Jeff Bezos owns The Washington Post.
‘Give My Regards To Your Puppet Master’: Elon Musk Flames WaPo For Tesla Story
February 23, 20212:51 PM ET
Tesla CEO Elon Musk quipped back at The Washington Post’s request for comment regarding an article about his future with the company, telling a reporter to give his “regards to your puppet master.”
The Post’s piece wondered if Tesla can “run on Autopilot” and declared that “Musk moved to Texas and embraced celebrity.” The article elaborated on “critics” who have concerns that Musk’s schedule and public personality “are beginning to show in the car company he runs.”
The company in question, Tesla, didn’t respond to The Post’s request for comment, the article notes. Musk, however, did – with just one sentence presumably aimed at The Post’s owner, Amazon CEO Jeff Bezos.
“Give my regards to your puppet master,” Musk responded after a request for comment from the newspaper.
Bezos owns The Post, as noted in the article, and is mentioned as one of the examples of the potential for giant companies to stumble amid change. The Post noted that Apple CEO Steve Jobs’ 2011 death “prompted what some view as a loss of innovation at the tech giant.”
“Amazon will soon face the transition of founder and chief executive Jeff Bezos to executive chairman, testing the culture he’s instilled. (Bezos owns The Washington Post),” the article added before pointing out some of Musk’s political comments throughout the global pandemic.
“He knows whatever he says, people do and he’s taking advantage of it,” one anonymous employee reportedly said of Musk, according to The Post.
The worker reportedly recalled telling a co-worker that Musk “doesn’t care about you” and will “ruin you,” the piece also noted.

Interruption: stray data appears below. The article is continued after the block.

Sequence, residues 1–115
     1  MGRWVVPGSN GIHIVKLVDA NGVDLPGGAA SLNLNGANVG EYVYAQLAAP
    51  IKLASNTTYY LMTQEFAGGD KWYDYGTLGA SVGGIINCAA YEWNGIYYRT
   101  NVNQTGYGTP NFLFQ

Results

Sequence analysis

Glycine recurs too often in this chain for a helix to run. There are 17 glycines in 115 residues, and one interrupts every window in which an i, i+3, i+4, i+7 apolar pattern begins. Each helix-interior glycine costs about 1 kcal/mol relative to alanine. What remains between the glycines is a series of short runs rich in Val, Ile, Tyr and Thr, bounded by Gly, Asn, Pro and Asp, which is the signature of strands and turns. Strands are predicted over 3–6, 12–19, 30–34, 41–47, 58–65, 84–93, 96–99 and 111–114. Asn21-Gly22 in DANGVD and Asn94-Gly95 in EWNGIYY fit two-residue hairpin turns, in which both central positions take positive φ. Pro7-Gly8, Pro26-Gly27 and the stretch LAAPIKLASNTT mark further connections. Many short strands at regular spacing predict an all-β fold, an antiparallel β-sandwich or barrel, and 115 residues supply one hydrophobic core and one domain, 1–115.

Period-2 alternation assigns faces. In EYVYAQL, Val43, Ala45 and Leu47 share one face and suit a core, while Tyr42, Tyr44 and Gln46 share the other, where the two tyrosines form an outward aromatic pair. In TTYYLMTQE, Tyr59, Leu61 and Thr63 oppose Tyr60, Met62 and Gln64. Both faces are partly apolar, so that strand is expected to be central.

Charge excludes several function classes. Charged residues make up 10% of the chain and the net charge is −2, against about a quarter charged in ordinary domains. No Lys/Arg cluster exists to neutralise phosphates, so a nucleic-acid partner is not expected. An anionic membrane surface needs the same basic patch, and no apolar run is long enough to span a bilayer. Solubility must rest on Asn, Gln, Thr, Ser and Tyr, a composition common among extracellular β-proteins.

The Washington Post
Elon Musk moved to Texas and embraced celebrity. Can Tesla run on Autopilot?
Investors fear a world where Musk no longer leads the company. But his attention is already going elsewhere.
By Faiz SiddiquiFeb. 23, 2021 at 11:32 p.m. GMT+8
SAN FRANCISCO — Elon Musk says he is stretched too thin.
The chief executive of both electric car manufacturer Tesla and rocket company SpaceX bounces nearly daily on his private jet between locations — traveling to his longtime home in southern California, Tesla’s plant in the Bay Area, the site of a new factory in Austin, Texas and SpaceX’s launch facility on that state’s Gulf Coast.
Twice in a matter of days recently, the 49-year old complained of what he called an “insane” work schedule, juggling responsibilities with his car company and aerospace firm and taking in “torrents of information” in wall-to-wall meetings.
But critics say the rigors of Musk’s personal schedule, and the seeming cult of personality that has developed around him, are beginning to show in the car company he runs — the one that he took from an upstart pioneer in electric vehicles to the world’s most valuable automaker. Musk, they say, is drowning in outside commitments like his aerospace company and other endeavors while letting quality — and strategy — at Tesla fall victim. And there are familiar concerns.
“There have been years past where some of his behavior was horrifying and had cost huge costs especially from his little tussle with the SEC,” said Ross Gerber, a Tesla investor and supporter of Musk who is close to the company. “And he’s come a long way. What I’m worried about is his success makes him a little bit loose again.”
Musk spent much of the past year focused on trying to demonstrate his aerospace firm’s viability to shuttle people into space on reusable rockets, all while Tesla worked to construct multiple factories and launched a new SUV. Musk also juggled the birth of a newborn son and his own personal move to Texas. He sprinkled in spontaneous public appearances in venues such as social media app Clubhouse in between his barrages of tweets. Musk became the world’s richest person in January, thanks to skyrocketing Tesla stock.
In interviews with a dozen current and former Tesla employees, investors and analysts, critics pointed to a series of questionable business moves, and even outright missteps by Tesla, as a potential symptom of the outside demands on Musk. They described a company where Musk is less present and increasingly isolated, where subordinates are reluctant to question the CEO’s vision, and where the de facto position entails eschewing market research. It’s a top-down, shoot-by-the-hip ethos directed by Musk.
Tesla did not respond to repeated requests for comment. In response to emails seeking comment, Musk replied only:“Give my regards to your puppet master.”